How to Make a Macro (Miniature) Photography Light Box and Other Tips

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Required tools and supplies:

  • X-acto knife and fresh blade
  • Metal straight-edge ruler to use to cut against
  • Cutting mat
  • Sheet of mat board (I like a warm gray for background since it matches most anything)
  • Sheet of plastic corrugated board
  • Fast-grab, quick-dry white craft glue that dries clear
  • Opaque wide packing tape
  • Old white sheet or similar fabric (ironed with no wrinkles)
  • Artist's paint brush to apply glue
  • 2 high-watt spot lights (see in text below)

I am not a professional photographer by any stretch of the imagination, but--like most of you--I learn a little about what I need, add a little "duct tape" so to speak and fake it really well. For example, I needed to improve the photographs of my miniatures...I especially wanted to capture all the smallest details of my new line. I did a little internet research and found out about light boxes -- boy are they expensive!! Then I went and designed a "quicky" light box for my own purposes. As it turned out, this box has been very effective, and I thought you might like to see it since most of you need to take a photo or two on occasion of your own works.

1. What I used for the box was a large piece of mat board (see photo). If I were to do this again, I would use that corrugated plastic board that you can get at the craft store. That would hold it's shape better, but takes a little more muscle to cut than the mat board.

2. The finished box size is 12" (inches) cubed. Cut 5 pieces of the corrugated board to 12"x12" squares. The left, right and top panels (3 out of 5 panels) have windows cut that leave a 2" boarder on all four sides.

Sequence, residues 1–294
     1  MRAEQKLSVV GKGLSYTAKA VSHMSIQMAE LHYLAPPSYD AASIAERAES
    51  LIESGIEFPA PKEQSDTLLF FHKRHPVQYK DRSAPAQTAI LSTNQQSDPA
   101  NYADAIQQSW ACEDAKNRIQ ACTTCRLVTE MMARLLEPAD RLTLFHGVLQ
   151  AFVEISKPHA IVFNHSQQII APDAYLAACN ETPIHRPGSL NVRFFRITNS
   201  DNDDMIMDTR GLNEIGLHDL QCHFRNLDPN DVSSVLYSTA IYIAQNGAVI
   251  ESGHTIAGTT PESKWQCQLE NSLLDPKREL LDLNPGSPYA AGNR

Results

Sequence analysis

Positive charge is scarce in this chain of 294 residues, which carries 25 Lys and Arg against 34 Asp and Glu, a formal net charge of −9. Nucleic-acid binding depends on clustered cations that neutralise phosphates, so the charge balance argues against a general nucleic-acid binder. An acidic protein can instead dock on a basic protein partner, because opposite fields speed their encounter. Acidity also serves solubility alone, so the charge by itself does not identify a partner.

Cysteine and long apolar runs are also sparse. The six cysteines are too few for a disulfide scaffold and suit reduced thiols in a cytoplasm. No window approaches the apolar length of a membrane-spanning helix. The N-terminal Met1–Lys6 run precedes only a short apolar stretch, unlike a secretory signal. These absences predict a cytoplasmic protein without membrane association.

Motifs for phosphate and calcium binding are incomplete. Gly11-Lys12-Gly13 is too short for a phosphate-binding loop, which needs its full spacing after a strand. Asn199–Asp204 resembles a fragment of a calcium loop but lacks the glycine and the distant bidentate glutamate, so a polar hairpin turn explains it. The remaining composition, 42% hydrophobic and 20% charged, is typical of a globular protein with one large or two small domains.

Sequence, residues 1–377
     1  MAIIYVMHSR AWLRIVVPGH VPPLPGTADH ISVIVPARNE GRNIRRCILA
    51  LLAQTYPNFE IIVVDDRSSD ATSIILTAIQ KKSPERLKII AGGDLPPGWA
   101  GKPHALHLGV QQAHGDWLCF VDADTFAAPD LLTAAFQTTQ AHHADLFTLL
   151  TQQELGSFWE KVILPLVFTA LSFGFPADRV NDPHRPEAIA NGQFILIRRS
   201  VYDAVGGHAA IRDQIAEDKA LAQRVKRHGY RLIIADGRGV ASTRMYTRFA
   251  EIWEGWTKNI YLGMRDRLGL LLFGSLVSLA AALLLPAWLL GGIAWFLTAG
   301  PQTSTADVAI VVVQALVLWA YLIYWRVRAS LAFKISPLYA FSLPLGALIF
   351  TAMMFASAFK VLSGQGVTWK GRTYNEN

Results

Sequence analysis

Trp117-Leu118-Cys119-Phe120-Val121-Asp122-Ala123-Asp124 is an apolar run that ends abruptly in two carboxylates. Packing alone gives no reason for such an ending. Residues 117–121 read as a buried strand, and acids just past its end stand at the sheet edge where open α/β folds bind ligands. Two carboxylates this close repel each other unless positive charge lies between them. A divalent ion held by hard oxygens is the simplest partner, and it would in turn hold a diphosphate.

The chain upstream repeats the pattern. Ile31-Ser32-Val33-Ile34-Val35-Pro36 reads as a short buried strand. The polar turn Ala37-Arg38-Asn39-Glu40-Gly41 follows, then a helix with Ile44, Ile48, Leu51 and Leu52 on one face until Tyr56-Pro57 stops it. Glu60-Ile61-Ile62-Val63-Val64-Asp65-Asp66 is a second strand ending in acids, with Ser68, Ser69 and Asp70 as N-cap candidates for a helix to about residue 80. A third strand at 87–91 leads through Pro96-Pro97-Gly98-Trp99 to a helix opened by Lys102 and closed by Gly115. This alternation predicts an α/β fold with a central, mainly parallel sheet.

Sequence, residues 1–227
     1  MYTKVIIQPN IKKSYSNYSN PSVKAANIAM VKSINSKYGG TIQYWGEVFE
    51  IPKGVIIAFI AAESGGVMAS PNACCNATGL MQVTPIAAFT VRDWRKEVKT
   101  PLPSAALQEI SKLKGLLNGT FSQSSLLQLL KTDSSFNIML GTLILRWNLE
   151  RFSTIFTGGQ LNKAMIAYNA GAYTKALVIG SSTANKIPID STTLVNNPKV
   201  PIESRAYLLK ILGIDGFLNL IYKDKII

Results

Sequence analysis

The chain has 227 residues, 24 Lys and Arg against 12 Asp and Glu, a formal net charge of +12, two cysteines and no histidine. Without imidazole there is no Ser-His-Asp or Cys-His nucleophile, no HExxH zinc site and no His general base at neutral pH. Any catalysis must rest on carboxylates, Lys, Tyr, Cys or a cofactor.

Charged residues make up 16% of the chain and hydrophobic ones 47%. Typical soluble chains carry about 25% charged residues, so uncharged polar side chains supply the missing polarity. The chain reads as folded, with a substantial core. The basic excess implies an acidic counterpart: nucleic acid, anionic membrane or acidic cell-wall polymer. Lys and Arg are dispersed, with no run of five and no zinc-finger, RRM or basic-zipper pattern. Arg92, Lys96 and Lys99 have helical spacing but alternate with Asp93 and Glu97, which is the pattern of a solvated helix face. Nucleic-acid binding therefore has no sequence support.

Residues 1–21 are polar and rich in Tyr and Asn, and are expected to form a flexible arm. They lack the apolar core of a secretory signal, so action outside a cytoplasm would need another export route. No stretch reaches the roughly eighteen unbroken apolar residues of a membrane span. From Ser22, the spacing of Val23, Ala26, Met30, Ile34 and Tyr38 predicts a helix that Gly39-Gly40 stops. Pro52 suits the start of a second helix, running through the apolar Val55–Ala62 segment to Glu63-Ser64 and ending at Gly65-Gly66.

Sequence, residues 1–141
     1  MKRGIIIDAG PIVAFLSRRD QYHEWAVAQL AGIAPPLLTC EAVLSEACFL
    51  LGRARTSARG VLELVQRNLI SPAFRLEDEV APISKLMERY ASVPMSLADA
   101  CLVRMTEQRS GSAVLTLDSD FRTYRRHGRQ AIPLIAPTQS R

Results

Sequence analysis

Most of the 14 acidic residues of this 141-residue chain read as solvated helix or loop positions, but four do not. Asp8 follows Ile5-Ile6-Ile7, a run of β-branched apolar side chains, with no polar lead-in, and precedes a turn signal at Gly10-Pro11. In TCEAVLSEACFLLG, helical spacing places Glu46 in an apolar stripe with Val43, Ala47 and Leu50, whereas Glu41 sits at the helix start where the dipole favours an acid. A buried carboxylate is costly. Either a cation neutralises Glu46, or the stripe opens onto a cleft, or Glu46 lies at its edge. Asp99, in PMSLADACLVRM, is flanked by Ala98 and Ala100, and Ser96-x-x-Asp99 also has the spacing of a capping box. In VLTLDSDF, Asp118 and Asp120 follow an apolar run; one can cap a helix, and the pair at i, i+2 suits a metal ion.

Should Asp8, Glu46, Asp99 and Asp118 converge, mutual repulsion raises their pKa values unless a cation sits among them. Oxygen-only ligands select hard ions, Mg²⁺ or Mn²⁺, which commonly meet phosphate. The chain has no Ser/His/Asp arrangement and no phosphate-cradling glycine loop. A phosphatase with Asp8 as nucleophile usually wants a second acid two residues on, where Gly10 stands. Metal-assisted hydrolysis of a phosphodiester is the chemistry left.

3. I glued the ironed white bed sheet fabric in the windows as light diffusers. You can start by gluing the bottom edge down and allow it to dry. Stretch the top edge and glue it down. Use a strip of tape to hold it in place while the glue is drying, then remove the tape after the bond is dry. Glue the left and right sides down. Don't let light seep through any unglued areas!

4. Use the opaque wide packing tape and "tape-hinge" the bottom panel and back panels together. That means that they should be at a 90 degree right-angle when you are done. Make sure that taping is done on the exterior of the box.

5. Repeat the tape-hinge step to tape the top panel to the back panel.

6. Fit the sides into place and tape tightly. You will probably need to shave a little of an edge here and there to get it to fit well. You don't want light to seep through the seams because they will make unwanted shadows and light strips.

7. Notice in my photo that the background is curved. That is a piece of mat board wedged into the cube. I am able to use any color background with removable panels--and there is no seam in the photograph background since the panel is curved. The panel is 20" long by 11.75" wide. To keep it from slipping out the front, I glued two 1" wide by about 10" long strips of mat board together (stacked on top of each other). Then glued the stack to the floor of the entrance flush against floor edge. I can pop out the background and replace it with another color panel whenever I like.

8. For lighting, I went to my local hardware store (Home Depot  in my case) and purchased two 500 watt halogen work-lights for about $20 (see photo). Don't leave these lights on when unattended! They are extremely hot and will cause a fire if close to the light box.

9. I still use my flash on the camera. Of course you will need to practice with different settings on your particular camera and for what you are photographing, but some of my digital settings may help you. Here they are:

  • Close-up setting (mine's a little tulip)

  • ISO 64 (on my camera)

  • Super Zoom ON

  • F8.0 and 1/1000 (highest settings)

  • The ASA on regular film should be a high sensitivity, i.e., 400 ASA

  • Work with your white balance if there is a setting on your camera


Paper Minis Miniatures
On-Line Since 2002

Front Royal, Virginia

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held by Ann Vanture, 2003-2012
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